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Employers and Recruiters of Live-in Caregivers: What you need to know

  • ISBN: 978-1-4435-2387-5
  • Issued: March 22, 2010
  • Content last reviewed: August 2013

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Introduction

On March 22, 2010, a new law came into effect. The Employment Protection for Foreign Nationals Act (Live-in Caregivers and Others), 2009 (EPFNA) covers:

  • foreign nationals working as live-in caregivers or looking for work as live-in caregivers (Caregivers)
  • those who recruit or attempt to recruit foreign nationals for positions as live-in caregivers (Recruiters)
  • those who employ foreign nationals in positions as live-in caregivers (Employers).

The EPFNA is in addition to the protections that foreign national live-in caregivers have under the Employment Standards Act, 2000 (ESA). More information on these standards is available here.

The EPFNA will be enforced by the Ministry of Labour through various methods, including responding to complaints by live-in caregivers. Additional information, described below, is available to live-in caregivers to ensure they are aware of their rights.

For Recruiters

Fees

The new law prohibits Recruiters from charging ANY fees to Caregivers for ANY service, directly or indirectly. The prohibition includes, but is not restricted to, fees for

  • finding or attempting to find employment for Caregivers
  • assisting Caregivers with resume writing, interview preparation or any other activity related to job placement
  • assisting Caregivers with immigration matters

Recruiters may still charge fees to Employers but they cannot make arrangements with Employers whereby Employers recover from Caregivers all or part of the fees they paid to the Recruiters.

A Recruiter who charges fees can be ordered to return the fees to the Caregiver and can be prosecuted for an offence with, for individuals, a maximum fine of $50,000 and 12-months imprisonment. Corporations may be subject to even larger fines.

Record Keeping

Recruiters must record:

  • the names of the Caregivers they place and attempt to place in employment
  • the names and addresses of Employers and potential employers
  • the amount of any fee paid to the Recruiter
  • the date and reason for the payment

Other protections

Recruiters are also prohibited from taking or keeping any personal property of the Caregivers, including:

  • passports
  • work permits
  • birth certificates

Information sheets

Recruiters must supply Caregivers with:

  • An information sheet that sets out their rights under this  new law; and
  • An information sheet that sets out their rights under the ESA (Which sets minimum standards in areas such as minimum wage, time off and hours of work.)

The information sheets are also available in:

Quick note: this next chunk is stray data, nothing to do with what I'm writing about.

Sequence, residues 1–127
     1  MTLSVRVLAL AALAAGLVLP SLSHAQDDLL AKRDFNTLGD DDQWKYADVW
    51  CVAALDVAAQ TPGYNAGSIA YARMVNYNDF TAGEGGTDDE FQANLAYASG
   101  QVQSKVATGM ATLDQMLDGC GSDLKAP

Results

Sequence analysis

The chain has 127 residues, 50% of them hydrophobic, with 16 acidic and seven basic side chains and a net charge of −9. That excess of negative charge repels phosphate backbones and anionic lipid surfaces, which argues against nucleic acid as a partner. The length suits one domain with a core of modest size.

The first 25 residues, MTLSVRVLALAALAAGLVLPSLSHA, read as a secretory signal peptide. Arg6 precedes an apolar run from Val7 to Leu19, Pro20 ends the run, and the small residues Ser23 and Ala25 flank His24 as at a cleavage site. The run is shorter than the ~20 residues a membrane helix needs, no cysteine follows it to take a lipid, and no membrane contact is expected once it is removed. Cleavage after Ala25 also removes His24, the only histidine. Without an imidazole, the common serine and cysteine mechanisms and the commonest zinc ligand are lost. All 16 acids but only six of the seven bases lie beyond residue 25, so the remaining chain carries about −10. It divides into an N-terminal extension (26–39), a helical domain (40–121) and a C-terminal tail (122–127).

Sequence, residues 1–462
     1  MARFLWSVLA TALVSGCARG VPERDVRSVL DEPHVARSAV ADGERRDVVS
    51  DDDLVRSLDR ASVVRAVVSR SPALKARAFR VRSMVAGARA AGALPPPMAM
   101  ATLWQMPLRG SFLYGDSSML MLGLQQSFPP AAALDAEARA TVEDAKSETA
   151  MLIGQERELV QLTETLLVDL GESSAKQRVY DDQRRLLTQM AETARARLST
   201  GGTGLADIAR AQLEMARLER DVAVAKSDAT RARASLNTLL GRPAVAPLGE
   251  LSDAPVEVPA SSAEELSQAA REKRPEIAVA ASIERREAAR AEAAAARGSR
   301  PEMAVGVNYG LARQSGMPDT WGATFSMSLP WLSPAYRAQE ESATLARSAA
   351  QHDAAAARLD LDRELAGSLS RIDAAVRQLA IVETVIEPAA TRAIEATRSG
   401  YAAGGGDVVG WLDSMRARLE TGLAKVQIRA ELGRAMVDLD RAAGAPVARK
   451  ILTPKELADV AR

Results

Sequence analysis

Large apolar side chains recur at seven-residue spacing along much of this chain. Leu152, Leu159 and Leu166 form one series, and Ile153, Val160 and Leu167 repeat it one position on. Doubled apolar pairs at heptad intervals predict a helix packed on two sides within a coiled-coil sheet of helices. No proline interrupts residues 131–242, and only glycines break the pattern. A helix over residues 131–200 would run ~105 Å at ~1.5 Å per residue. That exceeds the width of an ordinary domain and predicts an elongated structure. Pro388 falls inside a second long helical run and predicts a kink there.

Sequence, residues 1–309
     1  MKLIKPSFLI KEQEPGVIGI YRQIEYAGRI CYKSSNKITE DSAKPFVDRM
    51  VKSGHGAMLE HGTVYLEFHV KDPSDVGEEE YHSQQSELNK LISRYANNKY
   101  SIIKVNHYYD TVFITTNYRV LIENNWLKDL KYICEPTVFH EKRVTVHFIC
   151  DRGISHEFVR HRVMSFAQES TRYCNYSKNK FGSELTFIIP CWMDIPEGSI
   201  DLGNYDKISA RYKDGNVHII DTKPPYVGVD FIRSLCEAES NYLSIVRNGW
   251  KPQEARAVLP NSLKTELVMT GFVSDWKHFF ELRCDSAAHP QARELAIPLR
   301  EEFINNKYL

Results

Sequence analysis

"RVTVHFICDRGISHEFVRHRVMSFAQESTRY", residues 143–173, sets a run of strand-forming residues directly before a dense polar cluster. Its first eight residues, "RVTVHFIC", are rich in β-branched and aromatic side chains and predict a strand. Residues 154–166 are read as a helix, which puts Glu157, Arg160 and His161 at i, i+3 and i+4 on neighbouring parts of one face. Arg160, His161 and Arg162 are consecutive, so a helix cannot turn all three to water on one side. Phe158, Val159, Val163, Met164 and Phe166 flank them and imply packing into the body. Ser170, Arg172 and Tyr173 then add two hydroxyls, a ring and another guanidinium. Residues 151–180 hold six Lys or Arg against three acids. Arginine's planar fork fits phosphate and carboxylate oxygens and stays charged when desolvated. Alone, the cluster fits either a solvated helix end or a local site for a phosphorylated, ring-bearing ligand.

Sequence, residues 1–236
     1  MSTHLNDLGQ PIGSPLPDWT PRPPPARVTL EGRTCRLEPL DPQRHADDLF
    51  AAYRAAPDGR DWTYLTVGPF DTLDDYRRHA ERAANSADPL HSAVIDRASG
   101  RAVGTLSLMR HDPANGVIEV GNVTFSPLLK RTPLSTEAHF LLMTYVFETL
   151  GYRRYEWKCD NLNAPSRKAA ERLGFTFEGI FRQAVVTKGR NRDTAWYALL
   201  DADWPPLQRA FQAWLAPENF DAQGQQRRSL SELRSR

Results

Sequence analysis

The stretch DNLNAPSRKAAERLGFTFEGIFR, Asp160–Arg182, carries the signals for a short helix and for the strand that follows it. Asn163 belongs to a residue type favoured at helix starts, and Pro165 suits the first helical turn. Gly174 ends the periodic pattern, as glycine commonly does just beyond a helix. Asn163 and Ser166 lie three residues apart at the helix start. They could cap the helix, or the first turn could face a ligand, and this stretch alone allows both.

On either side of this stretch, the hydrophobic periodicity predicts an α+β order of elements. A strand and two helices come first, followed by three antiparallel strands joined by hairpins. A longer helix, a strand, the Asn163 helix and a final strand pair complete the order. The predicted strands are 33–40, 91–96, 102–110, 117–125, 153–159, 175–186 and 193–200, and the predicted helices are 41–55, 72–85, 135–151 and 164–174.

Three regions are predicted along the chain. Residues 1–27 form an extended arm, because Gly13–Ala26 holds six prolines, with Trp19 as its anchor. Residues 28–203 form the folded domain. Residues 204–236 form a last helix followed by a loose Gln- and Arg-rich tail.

If the Caregiver’s first language is one of these languages, the Recruiter must supply both the English version and the translated document.

No Opting Out and No Reprisal

Recruiters cannot ask Caregivers to opt out of their rights under this Act or under the ESA

Recruiters cannot threaten, intimidate or punish anyone for asserting his or her rights under this Act or under the ESA

More information

For more information on how Recruiters are affected by the new law, contact the Employment Standards Information Centre at (416) 326-7160 (toll-free at 1-800-531-5551) or, for the hearing impaired, at TTY 1-866-567-8893.

For Employers

Fees

The Act prohibits Employers from recovering recruitment fees or other placement costs from Caregivers.

An Employer who charges fees can be ordered to return the fees to the Caregiver and can be prosecuted for an offence with, for individuals, a maximum fine of $50,000 and 12-months imprisonment. Corporations may be subject to even larger fines.

Other protections

Employers are also prohibited from taking or keeping any personal property of the Caregivers, including:

  • passports
  • work permits
  • birth certificates

Information sheets

If an Employer does not use the services of a recruiter they must supply the Caregivers with:

  • An information sheet that sets out their rights under this  new law; and
  • An information sheet that sets out their rights under the ESA. (Which ESA sets minimum standards in areas such as minimum wage, time off and hours of work.)

The information sheets are also available in:

If the Caregiver’s first language is one of these languages, the Employer must supply both the English version and the translated document.

No Opting Out and No Reprisal

Employers cannot ask Caregivers to opt out of their rights under this Act or under the ESA

Employers cannot threaten, intimidate or punish anyone for asserting his or her rights under this Act or under the ESA.

The ESA and other obligations

Employers are required to follow the ESA that sets minimum standards in areas such as:

  • Minimum wage
  • Time off, and
  • Hours of work

To learn more about Employer obligations, see the Complying with Employment Standards brochure or contact the Information Centre at the numbers below.

There are also obligations for Employers under federal legislation. For further information visit the Human Resources and Skills Development Canada website.

To learn more about The Employment Protection for Foreign Nationals Act (Live-in Caregivers and Others), 2009 visit Ontario.ca/EPFNA

or call the Employment Standards Information Centre at 416-326-7160, 1-800-531-5551 (toll free) or 1-866-567-8893 for hearing impaired TTY